CFP: LHRT Round Table Research Forum, ALA 2018

“Historical Perspectives on Marginalized Peoples and Libraries”

Library History Round Table (LHRT) Research Forum, June 2018

The Library History Round Table (LHRT) of the American Library Association (ALA) seeks papers for its Research Forum at the 2018 ALA Annual Meeting in New Orleans, LA, June 21-26, 2018. The theme of the Forum will be the history of marginalized peoples and libraries. Subjects may include—but are not limited to—historical studies of:

  • Library services for native and indigenous people
  • Library services for new immigrants
  • Literacy, languages, and libraries in relation to marginalized populations
  • Language or cultural inclusion or suppression in libraries

LHRT welcomes submissions from researchers of all backgrounds, including students, faculty, and practitioners. Proposals are due by midnight (PST) on Jan. 15, 2018.  Each proposal must give the paper title, an abstract (up to 500 words), and the scholar’s one-page vita. Also, please indicate whether the research is in-progress or completed. It is desirable that the abstract include a problem or thesis, as well as a statement of significance, objectives, methods/primary sources used for the research, and conclusions (or tentative conclusions for works in progress).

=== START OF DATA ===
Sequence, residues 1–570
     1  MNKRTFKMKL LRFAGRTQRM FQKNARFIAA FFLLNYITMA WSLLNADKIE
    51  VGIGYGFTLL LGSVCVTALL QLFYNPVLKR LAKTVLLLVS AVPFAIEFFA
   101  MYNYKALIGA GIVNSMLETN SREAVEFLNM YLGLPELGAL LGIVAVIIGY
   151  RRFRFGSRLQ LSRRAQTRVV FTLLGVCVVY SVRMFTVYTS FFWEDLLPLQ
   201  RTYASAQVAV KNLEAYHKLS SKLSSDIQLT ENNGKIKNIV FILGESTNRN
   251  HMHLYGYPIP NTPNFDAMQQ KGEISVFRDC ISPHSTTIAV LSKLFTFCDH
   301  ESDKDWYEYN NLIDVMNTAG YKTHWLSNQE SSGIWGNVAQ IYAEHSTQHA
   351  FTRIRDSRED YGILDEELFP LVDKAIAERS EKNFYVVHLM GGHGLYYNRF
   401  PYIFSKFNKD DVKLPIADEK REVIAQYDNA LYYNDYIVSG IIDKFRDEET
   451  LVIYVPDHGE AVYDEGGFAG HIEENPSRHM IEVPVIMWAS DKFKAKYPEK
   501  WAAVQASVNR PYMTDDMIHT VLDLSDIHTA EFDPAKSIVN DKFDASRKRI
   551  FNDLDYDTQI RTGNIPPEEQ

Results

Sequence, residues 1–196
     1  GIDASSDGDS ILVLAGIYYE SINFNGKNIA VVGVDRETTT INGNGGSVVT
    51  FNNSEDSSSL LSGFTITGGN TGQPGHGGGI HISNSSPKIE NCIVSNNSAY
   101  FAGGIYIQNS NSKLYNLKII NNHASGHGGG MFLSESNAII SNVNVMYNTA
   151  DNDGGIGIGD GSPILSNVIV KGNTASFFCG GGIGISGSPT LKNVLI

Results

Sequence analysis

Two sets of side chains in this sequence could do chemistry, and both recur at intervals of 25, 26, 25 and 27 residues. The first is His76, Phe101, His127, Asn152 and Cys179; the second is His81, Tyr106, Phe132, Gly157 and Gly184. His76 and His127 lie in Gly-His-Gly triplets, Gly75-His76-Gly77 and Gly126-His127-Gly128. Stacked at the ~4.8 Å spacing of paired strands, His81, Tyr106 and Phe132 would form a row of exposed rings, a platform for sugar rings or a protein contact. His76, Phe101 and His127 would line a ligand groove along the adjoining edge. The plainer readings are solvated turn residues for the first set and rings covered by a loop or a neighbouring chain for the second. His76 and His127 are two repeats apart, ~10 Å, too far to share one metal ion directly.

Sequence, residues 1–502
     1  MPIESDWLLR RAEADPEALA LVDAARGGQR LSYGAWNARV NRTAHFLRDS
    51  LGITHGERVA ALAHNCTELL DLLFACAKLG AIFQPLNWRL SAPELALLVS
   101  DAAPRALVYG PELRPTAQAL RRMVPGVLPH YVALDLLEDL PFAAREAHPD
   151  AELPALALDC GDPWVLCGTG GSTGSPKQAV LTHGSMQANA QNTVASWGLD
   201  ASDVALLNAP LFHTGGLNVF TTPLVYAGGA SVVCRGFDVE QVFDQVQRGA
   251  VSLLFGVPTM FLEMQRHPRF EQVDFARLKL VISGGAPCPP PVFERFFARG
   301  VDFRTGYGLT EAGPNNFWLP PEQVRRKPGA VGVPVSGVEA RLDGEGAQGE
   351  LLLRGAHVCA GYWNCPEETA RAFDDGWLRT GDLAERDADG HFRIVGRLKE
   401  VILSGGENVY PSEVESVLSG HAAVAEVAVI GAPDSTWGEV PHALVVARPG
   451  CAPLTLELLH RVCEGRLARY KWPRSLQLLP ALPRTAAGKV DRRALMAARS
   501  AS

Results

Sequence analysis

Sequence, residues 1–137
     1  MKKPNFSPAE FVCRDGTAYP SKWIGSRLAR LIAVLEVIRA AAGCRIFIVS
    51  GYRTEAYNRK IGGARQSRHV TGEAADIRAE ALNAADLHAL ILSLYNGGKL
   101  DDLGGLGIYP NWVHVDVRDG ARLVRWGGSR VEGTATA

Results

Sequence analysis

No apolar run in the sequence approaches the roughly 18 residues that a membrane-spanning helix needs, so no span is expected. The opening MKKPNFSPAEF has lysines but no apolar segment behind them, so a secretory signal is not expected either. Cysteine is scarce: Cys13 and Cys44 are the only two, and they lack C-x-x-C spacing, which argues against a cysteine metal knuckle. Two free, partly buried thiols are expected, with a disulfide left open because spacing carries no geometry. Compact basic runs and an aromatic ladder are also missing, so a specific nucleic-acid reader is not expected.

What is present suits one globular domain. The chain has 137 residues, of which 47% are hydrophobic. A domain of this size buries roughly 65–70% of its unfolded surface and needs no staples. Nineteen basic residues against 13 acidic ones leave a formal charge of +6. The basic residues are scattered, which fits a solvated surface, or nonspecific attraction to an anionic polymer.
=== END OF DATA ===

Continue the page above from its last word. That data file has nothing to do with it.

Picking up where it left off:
From the submissions, the LHRT Research Committee will select two authors to present their completed work at the Forum.  So that the Forum’s facilitator may introduce and react to each author, completed papers are due June 1, 2018. The Research Forum will likely occur on Sunday, June 24, 2016. All presenters must register to attend the conference. For registration options, see ALA’s events and conferences page at http://www.ala.org/.

DEADLINE FOR PROPOSALS: January 15, 2018

NOTIFICATION OF ACCEPTANCE: March 31, 2018

DEADLINE FOR COMPLETED PAPERS: June 1, 2018

 

Please submit proposals and direct inquiries to:

Jenny Bossaller

LHRT Vice-Chair/Research Committee Chair

University of Missouri

303 Townsend Hall

Columbia, MO 65205

E-mail: bossallerj@missouri.edu

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History of American Archives

Did you know October is American Archives Month? Join LHRT News and Notes in saluting American archives by browsing these links on archival history:

Revival: History of the American Archival History Roundtable Newsletter (2017)–great news, SAA is re-launching this key publication!

Bibliography of American Archival History  (Society of American Archivists)–the starting point for research on archives.

American Archivist Journal Back Files–trace the development of the archival profession with open access back files to many issues of this venerable journal.